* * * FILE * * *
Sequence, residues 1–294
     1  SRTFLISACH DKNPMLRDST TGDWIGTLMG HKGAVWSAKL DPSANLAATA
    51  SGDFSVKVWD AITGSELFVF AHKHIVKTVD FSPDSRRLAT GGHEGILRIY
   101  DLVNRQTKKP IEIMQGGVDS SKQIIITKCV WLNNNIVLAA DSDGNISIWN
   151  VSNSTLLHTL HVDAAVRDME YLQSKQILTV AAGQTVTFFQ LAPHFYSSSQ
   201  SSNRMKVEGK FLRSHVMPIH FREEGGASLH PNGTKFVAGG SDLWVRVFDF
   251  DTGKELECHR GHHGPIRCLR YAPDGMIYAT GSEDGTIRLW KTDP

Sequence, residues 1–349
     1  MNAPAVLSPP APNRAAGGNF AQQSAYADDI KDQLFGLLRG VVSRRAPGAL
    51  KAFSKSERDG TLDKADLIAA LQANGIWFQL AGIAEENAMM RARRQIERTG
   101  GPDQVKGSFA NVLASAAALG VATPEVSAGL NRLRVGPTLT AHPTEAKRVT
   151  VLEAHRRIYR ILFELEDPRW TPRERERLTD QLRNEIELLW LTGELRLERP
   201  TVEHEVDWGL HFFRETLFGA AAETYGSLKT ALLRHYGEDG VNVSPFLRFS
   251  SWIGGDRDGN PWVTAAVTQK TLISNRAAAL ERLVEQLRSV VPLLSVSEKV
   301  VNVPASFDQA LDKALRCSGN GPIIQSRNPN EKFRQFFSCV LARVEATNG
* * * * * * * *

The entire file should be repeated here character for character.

Sequence, residues 1–294
     1  SRTFLISACH DKNPMLRDST TGDWIGTLMG HKGAVWSAKL DPSANLAATA
    51  SGDFSVKVWD AITGSELFVF AHKHIVKTVD FSPDSRRLAT GGHEGILRIY
   101  DLVNRQTKKP IEIMQGGVDS SKQIIITKCV WLNNNIVLAA DSDGNISIWN
   151  VSNSTLLHTL HVDAAVRDME YLQSKQILTV AAGQTVTFFQ LAPHFYSSSQ
   201  SSNRMKVEGK FLRSHVMPIH FREEGGASLH PNGTKFVAGG SDLWVRVFDF
   251  DTGKELECHR GHHGPIRCLR YAPDGMIYAT GSEDGTIRLW KTDP

Sequence, residues 1–349
     1  MNAPAVLSPP APNRAAGGNF AQQSAYADDI KDQLFGLLRG VVSRRAPGAL
    51  KAFSKSERDG TLDKADLIAA LQANGIWFQL AGIAEENAMM RARRQIERTG
   101  GPDQVKGSFA NVLASAAALG VATPEVSAGL NRLRVGPTLT AHPTEAKRVT
   151  VLEAHRRIYR ILFELEDPRW TPRERERLTD QLRNEIELLW LTGELRLERP
   201  TVEHEVDWGL HFFRETLFGA AAETYGSLKT ALLRHYGEDG VNVSPFLRFS
   251  SWIGGDRDGN PWVTAAVTQK TLISNRAAAL ERLVEQLRSV VPLLSVSEKV
   301  VNVPASFDQA LDKALRCSGN GPIIQSRNPN EKFRQFFSCV LARVEATNG